“Democracy” or Progress: What do Africans want? 0

There is a deadly bug spreading across Africa like wildfire. And this time, it is not the coronavirus. It is military coup d’états which have been designed to take down monarchies or incompetent African leaders.

This contagion has moved from Sudan to Mali, spreading to Chad, Guinea, Burkina Faso, Niger, and recently to Gabon.

The question now is who is going to be the virus’ next victim; the bug which is causing ineffective African leaders to tremble in their pants?

The bug is relentless in its attack and giving its mutatinality, it has struck fear in many. It is a matter of when it next gets a victim, not if it will attack those who have made themselves unpopular due to their economic and political reasons.

With flu and other contagious infections, people take vaccines to protect themselves, but this new infection in Africa has prompted the leaders of Rwanda, Cameroon, Equatorial Guinea, and Congo Brazzaville to take proactive measures to keep themselves safe by restructuring their security and defense teams.

Following the recent military coup in Gabon, where the reign of the Bongo family was ended after 56 years, President Bola Tinubu of Nigeria declared that this is “a contagion of autocracy.”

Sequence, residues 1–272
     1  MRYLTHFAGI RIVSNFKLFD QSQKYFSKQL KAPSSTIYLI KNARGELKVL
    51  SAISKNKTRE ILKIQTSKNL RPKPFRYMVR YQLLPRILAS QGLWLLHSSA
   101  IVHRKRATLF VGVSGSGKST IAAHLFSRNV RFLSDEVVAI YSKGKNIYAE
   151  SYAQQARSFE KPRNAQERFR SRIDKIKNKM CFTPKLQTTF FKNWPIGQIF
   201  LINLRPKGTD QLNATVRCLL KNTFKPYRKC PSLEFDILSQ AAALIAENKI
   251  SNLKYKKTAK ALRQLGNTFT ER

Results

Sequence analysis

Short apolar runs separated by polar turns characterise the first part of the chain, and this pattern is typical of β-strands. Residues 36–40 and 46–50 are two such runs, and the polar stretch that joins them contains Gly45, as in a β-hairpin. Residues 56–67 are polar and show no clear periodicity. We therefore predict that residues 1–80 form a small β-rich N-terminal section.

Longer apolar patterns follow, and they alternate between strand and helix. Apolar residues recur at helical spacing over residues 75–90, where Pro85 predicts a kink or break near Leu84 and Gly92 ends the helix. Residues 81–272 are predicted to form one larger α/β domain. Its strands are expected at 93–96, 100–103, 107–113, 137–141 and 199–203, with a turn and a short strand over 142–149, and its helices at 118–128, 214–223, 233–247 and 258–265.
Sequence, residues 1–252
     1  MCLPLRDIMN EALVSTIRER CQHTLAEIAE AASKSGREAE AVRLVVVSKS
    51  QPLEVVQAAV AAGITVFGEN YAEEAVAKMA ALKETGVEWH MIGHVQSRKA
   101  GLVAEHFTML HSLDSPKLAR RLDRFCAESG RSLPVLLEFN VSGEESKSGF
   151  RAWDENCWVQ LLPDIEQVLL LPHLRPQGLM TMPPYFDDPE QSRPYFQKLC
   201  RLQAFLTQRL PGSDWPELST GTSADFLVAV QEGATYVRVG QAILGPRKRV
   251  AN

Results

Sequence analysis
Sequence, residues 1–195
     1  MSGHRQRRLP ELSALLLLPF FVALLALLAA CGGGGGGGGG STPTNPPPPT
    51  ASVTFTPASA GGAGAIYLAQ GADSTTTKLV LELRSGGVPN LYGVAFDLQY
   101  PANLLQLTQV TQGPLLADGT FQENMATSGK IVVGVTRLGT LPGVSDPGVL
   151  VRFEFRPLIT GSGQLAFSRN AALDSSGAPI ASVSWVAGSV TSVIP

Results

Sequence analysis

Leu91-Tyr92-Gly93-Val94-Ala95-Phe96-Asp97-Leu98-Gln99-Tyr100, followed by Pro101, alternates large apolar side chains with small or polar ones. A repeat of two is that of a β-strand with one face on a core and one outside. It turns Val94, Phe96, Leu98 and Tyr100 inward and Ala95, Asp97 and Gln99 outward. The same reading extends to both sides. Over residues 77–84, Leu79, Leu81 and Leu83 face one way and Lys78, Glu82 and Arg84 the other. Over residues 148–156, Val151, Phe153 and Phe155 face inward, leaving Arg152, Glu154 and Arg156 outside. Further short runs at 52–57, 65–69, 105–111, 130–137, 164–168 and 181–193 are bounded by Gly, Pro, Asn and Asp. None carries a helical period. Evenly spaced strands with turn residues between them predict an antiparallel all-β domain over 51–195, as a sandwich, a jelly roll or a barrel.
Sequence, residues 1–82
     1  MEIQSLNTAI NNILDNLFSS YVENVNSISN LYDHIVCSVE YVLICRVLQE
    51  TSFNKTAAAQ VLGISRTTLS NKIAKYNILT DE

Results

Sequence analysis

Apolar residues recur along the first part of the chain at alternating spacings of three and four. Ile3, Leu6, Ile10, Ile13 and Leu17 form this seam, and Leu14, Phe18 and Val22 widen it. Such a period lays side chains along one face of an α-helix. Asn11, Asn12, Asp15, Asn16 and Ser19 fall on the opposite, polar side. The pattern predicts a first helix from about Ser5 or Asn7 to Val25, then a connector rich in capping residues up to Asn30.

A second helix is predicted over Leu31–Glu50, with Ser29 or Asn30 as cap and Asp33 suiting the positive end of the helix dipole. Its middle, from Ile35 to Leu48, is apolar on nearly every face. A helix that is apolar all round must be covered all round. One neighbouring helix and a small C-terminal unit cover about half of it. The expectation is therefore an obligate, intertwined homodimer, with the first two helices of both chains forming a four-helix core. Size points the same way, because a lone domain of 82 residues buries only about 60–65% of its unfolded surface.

President Tinubu is only half right. The men in military fatigues who now occupy some presidential palaces in Africa through coups are not democratically elected, have seized power through arms, and are autocrats. But for President Tinubu to consider Omar al-Bashir, Ali Bongo, Ibrahim Boubacar Keïta and some deposed leaders as representatives of democracy is outright incorrect.

Democracy is more than just elections. Most of the elections held on the continent of Africa are sham elections designed to keep the international community and donors off the backs of African leaders.

In a democratic polity, the government must be created and maintained with the people’s consent, with a clearly defined system of conducting free and fair elections with the citizens encouraged to participate in the political process.

Genuine democracies have a separation of power where authority is not concentrated in the hands of a single individual.

A genuine democracy must have a mechanism for protecting Human Rights and guaranteeing freedom of speech.

Finally, a proper democratic system embodies the rule of law or due process of law where all citizens are accountable to laws publicly passed and equitably enforced by an independent judicial system.

John Stuart Mill argued that democracy gives each person a share of political power, forcing leaders to consider the rights and interests of the wider population.

But this cannot be true of the people in Niger, Gabon, Mali, Burkina Faso and most African countries. In politics, we learn that coups will likely happen in unconsolidated democracies where leaders abuse the state apparatus for personal gain. 

One doesn’t have to be a genius to identify the problems facing the countries that have recently had military coups and most of Africa– poverty, inequality, lack of basic infrastructure, non-existent healthcare systems, corruption, poor educational set-up, hopelessness, sky-high youth and adult unemployment, unaffordable food prices, illiteracy, high fertility rate, food insecurity, insecurity, bad governance, frequent power cuts and much more.

 If democracy is a government of the people and for the people, as Lincoln stated, its purpose must be to provide economic benefits, development, and human dignity to its citizens.